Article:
Highly manoeuvrable and built like torpedoes, minke whales are the most common whales in Antarctic waters, yet the animals could be living on a knife edge as their sea-ice homes dwindle rapidly. ‘Sea ice in the area around the Antarctic Peninsula has decreased dramatically in the last 30 years,’ warns Ari Friedlaender from Oregon State University, USA, ‘yet we do not know how critical the sea ice is as a habitat for the whales.’ Given the pressing need to understand what the whales require to survive in their challenging and changing environment, Friedlaender and colleagues from the Southern Ocean Research Partnership – an international group of researchers dedicated to non-lethal whale research – headed south to tag minke whales in their Antarctic home to find out more about their lifestyle (p. 2851).
However, tagging a minke whale is much trickier than tagging other species that inhabit the icy waters. ‘Minke whales are fast moving and they don't spend a lot of time at the surface’, says Friedlaender. However, when Nick Gales, Doug Nowacek, Andy Read and Friedlaender encountered a pod of 35–40 minke whales in the Antarctic's Wilhelmina Bay, the team's luck was in. ‘We very rarely see these large groups, so we knew that this was an extraordinary case’, says Friedlaender. He recalls that the whales appeared to be socialising and were distracted from the scientists, which allowed them to manoeuvre the boat gently in amongst the animals. Describing how he took his chance to land the tag on a whale's back just as the animal descended beneath a chunk of ice, Friedlaender chuckles and says, ‘It was a textbook delivery.’ But then he recalls the next nail-biting 3 minutes while the team waited for the whale to resurface. ‘We realised that we had just put a $25K tag on an animal that went under the ice and if it fell off there we were never getting it back’, he laughs. Fortunately, the tag stayed in place for an incredible 19 h, and when the team successfully tagged another whale a few days later, they were able to collect a further 8 h of precious dive data.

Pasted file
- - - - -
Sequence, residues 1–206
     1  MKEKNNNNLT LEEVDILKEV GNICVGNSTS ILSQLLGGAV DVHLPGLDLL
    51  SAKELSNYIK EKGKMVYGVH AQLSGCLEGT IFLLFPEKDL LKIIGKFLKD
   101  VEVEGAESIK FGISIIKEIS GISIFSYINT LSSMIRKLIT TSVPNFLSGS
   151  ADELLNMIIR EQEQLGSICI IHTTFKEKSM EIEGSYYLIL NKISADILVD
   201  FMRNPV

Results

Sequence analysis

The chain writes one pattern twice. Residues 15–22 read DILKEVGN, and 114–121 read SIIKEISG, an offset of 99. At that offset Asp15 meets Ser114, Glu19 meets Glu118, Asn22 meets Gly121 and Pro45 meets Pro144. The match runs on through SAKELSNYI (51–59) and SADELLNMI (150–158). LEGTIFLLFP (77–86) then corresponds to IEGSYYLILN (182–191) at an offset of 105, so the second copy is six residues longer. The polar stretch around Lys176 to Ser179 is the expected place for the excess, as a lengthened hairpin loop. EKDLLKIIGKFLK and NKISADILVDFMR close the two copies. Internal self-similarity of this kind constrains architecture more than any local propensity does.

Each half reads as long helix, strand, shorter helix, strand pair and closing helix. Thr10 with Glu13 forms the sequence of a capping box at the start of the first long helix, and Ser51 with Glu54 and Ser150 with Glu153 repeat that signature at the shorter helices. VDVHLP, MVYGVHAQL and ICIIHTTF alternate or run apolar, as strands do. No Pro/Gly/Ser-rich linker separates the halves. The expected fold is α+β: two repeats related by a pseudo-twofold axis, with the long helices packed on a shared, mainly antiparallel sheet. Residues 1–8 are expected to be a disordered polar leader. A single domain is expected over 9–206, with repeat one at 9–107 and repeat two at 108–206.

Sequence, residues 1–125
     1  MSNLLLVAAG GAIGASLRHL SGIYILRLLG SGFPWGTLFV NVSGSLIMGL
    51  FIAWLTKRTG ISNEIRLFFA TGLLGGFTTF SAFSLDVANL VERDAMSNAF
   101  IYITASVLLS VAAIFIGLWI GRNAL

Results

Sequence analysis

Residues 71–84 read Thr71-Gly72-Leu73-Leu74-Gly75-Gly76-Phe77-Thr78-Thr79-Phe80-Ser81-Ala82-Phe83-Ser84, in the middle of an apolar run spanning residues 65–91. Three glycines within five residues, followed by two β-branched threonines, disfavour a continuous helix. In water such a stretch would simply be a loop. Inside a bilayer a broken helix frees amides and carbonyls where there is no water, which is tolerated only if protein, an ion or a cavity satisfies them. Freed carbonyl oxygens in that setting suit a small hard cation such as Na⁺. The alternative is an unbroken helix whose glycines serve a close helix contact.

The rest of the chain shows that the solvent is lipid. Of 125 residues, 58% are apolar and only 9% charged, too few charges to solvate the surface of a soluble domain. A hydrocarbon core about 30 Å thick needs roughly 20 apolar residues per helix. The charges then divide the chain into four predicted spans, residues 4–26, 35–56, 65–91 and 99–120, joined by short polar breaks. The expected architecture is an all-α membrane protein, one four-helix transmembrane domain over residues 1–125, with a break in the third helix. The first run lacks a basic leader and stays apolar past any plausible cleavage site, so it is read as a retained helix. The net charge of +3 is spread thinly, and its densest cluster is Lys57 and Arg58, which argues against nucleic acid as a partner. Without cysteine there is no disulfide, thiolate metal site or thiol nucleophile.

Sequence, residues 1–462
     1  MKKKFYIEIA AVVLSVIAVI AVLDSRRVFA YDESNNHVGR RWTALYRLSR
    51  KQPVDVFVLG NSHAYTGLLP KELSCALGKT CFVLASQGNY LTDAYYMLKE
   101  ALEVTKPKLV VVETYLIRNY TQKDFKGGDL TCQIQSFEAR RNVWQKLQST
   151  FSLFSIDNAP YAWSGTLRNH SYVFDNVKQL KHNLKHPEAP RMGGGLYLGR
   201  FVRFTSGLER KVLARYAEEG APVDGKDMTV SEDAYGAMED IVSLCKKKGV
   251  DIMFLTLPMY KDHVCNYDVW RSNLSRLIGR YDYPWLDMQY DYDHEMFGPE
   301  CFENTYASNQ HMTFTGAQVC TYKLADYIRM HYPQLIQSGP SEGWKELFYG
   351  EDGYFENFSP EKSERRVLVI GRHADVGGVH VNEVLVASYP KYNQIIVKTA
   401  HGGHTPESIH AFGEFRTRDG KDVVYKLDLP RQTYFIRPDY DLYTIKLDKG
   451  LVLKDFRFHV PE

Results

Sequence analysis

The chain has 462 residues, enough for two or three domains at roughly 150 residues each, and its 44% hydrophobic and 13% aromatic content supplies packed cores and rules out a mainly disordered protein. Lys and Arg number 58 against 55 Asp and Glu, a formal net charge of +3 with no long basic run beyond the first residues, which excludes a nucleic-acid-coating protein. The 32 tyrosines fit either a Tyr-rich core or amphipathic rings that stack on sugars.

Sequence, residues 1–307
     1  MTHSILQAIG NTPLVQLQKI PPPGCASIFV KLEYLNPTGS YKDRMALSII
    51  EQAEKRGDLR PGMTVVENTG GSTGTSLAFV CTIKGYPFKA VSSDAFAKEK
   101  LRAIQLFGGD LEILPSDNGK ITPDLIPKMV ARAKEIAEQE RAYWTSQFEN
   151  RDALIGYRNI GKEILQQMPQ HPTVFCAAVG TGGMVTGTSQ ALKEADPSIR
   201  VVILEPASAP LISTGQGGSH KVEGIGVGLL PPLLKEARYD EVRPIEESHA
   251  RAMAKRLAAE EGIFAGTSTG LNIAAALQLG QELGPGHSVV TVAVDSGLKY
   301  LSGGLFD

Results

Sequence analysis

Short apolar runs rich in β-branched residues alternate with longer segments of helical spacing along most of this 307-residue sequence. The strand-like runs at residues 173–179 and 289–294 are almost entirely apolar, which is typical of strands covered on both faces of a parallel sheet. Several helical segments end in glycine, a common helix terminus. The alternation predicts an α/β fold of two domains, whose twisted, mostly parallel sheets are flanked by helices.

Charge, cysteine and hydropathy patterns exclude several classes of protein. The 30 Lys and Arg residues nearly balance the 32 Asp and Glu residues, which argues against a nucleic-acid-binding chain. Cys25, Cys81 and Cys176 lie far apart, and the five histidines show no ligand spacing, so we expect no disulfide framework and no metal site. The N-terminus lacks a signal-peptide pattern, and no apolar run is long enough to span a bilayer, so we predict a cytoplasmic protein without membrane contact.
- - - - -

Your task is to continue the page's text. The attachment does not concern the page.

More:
Teaming up with Jeremy Goldbogen and Dave Johnston to analyse the whales' orientation, depth and acceleration – which showed when the whales lunged to engulf mouthfuls of krill – Friedlaender could see that the minkes' behaviour was very different from that of other whales. Blue whales lunge up to four times during a dive and smaller humpbacks lunge up to 12 times per dive, so Friedlaender and his colleagues were astounded to see the minke whales lunging as many as 24 times during a single dive. ‘They lunge over 100 times an hour, almost once every 30 seconds', marvels Friedlaender. And when the trio analysed the dive patterns, they realised that the whales have three different strategies.
Friedlaender explains that the first two types of dive looked like classic whale dives. In the first, the animals remained near the surface and lunged one to two times, while in the second dive type the whales plummeted to depths of 100 m and lunged about 15 times. However, when they analysed the third type of dive, they realised that it was completely unique. The whales were swimming just beneath the surface of the water and were feeding at incredibly high rates. And when the team checked the locations of the dives they realised that the whales were skimming the underside of the ice. ‘The whales were feeding just underneath the surface where the sea ice meets the water and where the krill were aggregating’, says Friedlaender.
Having proved that it is not necessary to kill whales to understand their feeding behaviour, Friedlaender and his colleagues are keen to return to tag more minke whales to learn more about how the animals interact with their surroundings. ‘Tagging opens up a huge window of opportunity to study the Antarctica ecosystem in a much more holistic way’, says Friedlaender.